“If people see that their mail delivery people are driving electric vehicles, they’ll get the confidence they’ll need.”

Federal Government Can Help Grow EV Industry

Government contracts can give the US car manufacturers the certainty to increase their efforts in building electric vehicles. Another professor of civil and environmental engineering who is dedicated to studying electric vehicle policy at Carnegie Mellon University, Costa Samaras, said:

“Governments have a lot of purchasing power, and they often lead with innovation to pull along market demand. To wit: All told, the feds spent $4.37 billion buying, fueling, and maintaining vehicles in 2019. This is the lowest of the low-hanging electric vehicle fruit.”

On January 28, General Motors unveiled its plans to sell just zero-emission vehicles by 2035. It plans to invest $27 billion to roll out 30 electric vehicle models in the coming five years. Ford has also pledged to spend about $11 billion on electric vehicles through next year, including an electric Mustang and an electric F-150 pickup.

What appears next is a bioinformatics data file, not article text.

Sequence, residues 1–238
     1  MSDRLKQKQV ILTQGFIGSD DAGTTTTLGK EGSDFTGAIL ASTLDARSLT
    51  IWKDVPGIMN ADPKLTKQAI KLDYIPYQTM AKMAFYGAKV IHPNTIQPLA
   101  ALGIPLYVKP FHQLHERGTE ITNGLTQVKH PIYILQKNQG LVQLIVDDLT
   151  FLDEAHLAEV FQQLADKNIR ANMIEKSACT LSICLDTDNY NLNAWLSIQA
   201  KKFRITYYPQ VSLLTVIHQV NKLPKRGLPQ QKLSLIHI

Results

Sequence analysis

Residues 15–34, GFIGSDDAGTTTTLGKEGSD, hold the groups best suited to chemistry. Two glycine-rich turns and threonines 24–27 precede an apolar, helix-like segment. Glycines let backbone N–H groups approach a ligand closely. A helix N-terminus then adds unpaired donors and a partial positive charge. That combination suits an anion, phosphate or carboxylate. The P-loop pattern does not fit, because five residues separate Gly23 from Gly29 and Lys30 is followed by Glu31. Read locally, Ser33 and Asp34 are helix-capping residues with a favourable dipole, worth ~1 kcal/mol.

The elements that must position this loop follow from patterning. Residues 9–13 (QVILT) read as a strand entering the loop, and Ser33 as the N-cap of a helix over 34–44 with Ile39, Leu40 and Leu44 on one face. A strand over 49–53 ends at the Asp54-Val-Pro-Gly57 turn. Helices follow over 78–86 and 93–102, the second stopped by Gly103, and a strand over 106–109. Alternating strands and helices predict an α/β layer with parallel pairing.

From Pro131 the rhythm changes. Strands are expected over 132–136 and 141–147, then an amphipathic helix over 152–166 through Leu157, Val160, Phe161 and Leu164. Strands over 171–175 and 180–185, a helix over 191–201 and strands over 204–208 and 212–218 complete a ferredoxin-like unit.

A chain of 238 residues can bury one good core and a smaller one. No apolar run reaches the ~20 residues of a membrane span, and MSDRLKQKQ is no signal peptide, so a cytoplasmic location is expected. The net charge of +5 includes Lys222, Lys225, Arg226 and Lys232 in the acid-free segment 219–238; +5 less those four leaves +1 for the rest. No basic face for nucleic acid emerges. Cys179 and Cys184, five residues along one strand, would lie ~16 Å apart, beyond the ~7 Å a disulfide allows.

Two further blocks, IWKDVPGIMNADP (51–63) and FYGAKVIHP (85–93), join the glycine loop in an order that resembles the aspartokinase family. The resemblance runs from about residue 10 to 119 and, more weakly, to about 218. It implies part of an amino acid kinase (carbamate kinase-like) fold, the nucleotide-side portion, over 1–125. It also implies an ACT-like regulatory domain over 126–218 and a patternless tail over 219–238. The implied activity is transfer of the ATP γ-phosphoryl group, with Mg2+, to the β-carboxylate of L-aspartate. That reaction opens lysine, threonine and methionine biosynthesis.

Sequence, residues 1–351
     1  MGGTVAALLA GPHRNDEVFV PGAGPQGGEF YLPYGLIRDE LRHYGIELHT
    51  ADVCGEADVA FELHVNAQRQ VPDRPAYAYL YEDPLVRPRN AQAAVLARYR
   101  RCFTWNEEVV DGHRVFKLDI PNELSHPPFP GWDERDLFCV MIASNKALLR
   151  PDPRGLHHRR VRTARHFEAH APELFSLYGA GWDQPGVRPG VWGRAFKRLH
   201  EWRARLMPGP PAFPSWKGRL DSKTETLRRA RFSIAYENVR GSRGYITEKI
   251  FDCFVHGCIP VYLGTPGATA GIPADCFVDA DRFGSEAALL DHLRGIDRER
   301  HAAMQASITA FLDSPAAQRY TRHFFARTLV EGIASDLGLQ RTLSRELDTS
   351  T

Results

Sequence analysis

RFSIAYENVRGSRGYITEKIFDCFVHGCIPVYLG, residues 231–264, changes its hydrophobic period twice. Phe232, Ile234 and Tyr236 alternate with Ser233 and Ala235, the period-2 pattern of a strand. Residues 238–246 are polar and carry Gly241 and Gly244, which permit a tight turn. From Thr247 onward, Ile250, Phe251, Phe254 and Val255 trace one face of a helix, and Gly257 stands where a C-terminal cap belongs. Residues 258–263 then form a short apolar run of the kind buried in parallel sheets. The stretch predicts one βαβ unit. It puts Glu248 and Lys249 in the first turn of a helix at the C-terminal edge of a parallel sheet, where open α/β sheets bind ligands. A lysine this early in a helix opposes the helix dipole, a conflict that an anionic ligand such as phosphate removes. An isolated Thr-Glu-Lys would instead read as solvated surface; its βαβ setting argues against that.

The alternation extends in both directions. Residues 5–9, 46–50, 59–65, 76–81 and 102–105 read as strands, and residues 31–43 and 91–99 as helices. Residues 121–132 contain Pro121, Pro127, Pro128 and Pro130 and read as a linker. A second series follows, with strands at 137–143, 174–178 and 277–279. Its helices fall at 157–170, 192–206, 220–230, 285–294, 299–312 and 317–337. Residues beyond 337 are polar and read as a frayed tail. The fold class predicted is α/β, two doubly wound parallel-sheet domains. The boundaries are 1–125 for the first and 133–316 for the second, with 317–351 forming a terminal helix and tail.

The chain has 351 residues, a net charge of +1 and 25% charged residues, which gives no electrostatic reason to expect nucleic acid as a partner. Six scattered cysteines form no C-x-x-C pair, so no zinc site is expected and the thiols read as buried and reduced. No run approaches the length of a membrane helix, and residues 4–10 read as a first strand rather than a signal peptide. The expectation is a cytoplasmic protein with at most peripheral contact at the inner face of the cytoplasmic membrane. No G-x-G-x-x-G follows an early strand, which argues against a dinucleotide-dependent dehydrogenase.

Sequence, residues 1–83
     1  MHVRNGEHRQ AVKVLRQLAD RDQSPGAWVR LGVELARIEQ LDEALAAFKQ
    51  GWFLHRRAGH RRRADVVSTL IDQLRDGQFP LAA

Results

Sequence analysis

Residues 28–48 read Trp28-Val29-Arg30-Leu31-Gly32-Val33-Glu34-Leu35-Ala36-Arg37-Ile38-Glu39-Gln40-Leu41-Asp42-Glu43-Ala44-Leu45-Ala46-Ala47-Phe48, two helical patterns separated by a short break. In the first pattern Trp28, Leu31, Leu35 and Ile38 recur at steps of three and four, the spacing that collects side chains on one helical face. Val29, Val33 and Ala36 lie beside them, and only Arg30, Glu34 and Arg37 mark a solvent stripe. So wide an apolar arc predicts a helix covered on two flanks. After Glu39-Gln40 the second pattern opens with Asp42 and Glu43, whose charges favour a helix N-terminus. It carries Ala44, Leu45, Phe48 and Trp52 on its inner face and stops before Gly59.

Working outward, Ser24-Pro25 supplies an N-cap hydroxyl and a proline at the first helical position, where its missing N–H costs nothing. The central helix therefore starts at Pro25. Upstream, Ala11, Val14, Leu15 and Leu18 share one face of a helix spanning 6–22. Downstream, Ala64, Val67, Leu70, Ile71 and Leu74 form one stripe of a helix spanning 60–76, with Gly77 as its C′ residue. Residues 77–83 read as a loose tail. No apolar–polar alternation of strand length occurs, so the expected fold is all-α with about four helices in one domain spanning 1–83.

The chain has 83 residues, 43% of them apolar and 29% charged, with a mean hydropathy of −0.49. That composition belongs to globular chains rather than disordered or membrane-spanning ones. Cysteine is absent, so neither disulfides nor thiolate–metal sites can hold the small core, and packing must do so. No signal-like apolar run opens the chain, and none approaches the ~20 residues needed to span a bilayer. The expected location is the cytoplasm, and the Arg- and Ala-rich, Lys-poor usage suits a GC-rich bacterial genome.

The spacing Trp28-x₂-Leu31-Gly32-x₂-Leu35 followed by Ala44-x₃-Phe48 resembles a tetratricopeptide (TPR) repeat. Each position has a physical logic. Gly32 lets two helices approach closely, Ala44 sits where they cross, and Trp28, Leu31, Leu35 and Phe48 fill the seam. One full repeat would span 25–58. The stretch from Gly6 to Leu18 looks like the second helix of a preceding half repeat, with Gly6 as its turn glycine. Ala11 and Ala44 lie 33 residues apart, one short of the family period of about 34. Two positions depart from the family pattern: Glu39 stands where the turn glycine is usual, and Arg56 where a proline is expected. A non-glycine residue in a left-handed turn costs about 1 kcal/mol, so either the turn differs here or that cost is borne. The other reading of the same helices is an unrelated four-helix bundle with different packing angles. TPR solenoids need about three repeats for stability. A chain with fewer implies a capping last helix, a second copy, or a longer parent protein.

The federal government action may also have long-term effects. In case it manages to prove that electric fleets need less maintenance and eventually cost less than gasoline vehicles, it might convince the other fleet owners to do the same. That includes local and state governments that own 2.3 million vehicles and private businesses that own three million other vehicles.

Experts believe that the directive may also spur the construction of more charging stations. If that happens, it would make it easier for anyone around the US to drive electric vehicles. Moreover, it would help obviate a majority of Americans’ biggest EV-related anxiety, which is running low on charge without any charging outlet in sight.

The Biden administration has promised to set up around 550,000 new charging stations which will be a major expansion from the country’s complement of around 26,000 currently.